By Jere Krischel

On November 18, 2012, Derek Kauanoe wrote a letter in the Star Advertiser that complained about out-of-state contributions to people running for OHA Trustee by critics of OHA. As a staunch, long time critic of OHA, who was born and raised in Hawaii but lives in California now, and as a contributor to Keli’i Akina’s campaign this past election, Mr. Kauanoe was speaking specifically about me. In the spirit of open communication, I’d like to take the time to directly answer his three questions laid out in his letter.

1) “Will this candidate — or a similar one — run in 2014 when there are three at-large seats up for election and where third place could likely be a win?”

For the record, I certainly hope Keli’i Akina runs in 2014, and I would expect to support him no matter where I’m living. Although it’s possible another candidate could come forward with Akina’s inclusive “OHA for Everyone” vision, and also garner my support, to my knowledge, Keli’i Akina is the only candidate in the history of OHA to actually run on an inclusive platform that does not judge who is Hawaiian based on blood.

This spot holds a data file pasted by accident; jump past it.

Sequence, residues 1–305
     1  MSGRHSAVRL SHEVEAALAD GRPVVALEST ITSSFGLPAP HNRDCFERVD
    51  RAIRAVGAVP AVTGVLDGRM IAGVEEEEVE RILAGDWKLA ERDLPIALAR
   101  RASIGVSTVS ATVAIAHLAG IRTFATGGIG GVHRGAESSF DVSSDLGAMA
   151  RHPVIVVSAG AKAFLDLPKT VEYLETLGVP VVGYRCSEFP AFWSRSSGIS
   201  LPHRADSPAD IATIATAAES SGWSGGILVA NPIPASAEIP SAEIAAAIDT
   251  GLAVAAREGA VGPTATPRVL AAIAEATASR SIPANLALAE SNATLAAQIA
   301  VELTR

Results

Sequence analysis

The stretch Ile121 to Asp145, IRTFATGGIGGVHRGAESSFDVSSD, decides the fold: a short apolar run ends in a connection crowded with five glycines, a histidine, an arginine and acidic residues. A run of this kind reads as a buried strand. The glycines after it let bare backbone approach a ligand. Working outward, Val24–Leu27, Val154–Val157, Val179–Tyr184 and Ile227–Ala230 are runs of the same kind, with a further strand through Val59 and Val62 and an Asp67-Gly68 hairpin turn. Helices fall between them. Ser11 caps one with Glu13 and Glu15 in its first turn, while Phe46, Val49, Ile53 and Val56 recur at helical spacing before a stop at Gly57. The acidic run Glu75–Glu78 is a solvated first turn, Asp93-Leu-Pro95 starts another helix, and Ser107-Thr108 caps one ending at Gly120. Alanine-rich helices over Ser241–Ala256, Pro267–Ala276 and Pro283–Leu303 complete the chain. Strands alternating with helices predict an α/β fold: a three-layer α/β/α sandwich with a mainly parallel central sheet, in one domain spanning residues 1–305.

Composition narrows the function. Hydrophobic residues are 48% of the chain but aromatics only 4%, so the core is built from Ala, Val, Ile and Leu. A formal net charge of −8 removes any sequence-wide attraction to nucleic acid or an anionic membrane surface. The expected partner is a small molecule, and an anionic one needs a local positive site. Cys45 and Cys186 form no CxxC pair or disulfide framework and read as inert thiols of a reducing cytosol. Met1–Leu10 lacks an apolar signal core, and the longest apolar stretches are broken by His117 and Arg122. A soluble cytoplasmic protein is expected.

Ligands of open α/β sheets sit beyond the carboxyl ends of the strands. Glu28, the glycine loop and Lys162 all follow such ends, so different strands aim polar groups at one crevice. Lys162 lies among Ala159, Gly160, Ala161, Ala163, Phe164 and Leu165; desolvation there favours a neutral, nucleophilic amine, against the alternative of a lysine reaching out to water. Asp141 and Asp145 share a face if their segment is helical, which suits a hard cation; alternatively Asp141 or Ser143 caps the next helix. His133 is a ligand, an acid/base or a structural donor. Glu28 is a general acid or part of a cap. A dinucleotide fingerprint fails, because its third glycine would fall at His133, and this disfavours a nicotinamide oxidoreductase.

The fact of the matter is that OHA desperately needs reform. As currently administered, it is a divisive, race-based institution which funds itself through the use of public lands and resources that should benefit all Hawaiians, regardless of ancestry. I am hopeful that in the future Keli’i Akina, or other candidates who support racial equality are able to take the helm and turn OHA into a force for good for all Hawaiians.

2) “Will we see increased financial support from OHA’s detractors to future OHA candidates?”

Before meeting Keli’i Akina, I had never contributed to any political campaign. I’ve voted in pretty much every election I could since 1992 (probably missing some local special elections here and there during my 20s), but I’ve never judged any political candidate worthy of my direct financial support. Elections for me have often been a choice between the lesser of two evils, and the thought of putting my hard earned money into the hands of evil, no matter how lesser, is one I simply cannot stomach.

On top of that, as Mr. Kauanoe has noted, I’ve been a vocal critic of OHA for many years, and I’ve actively called for the end of its neo-ali’i power structure. The idea that I would actually financially support a candidate for OHA was unthinkable – until Keli’i Akina changed the frame of the conversation.

The compelling alternative to abolishment that Keli’i Akina presented was elegant and simple – OHA for Everyone. By taking race out of the equation, and treating all Hawaiians, regardless of blood quantum, as “Hawaiians”, Mr. Akina convinced me that OHA and its mission can be saved. If Keli’i Akina runs again, or if another OHA candidate promises to build an “OHA for Everyone”, I will certainly contribute as generously as possible, and I will encourage my friends, family and colleagues, wherever they live, to do the same.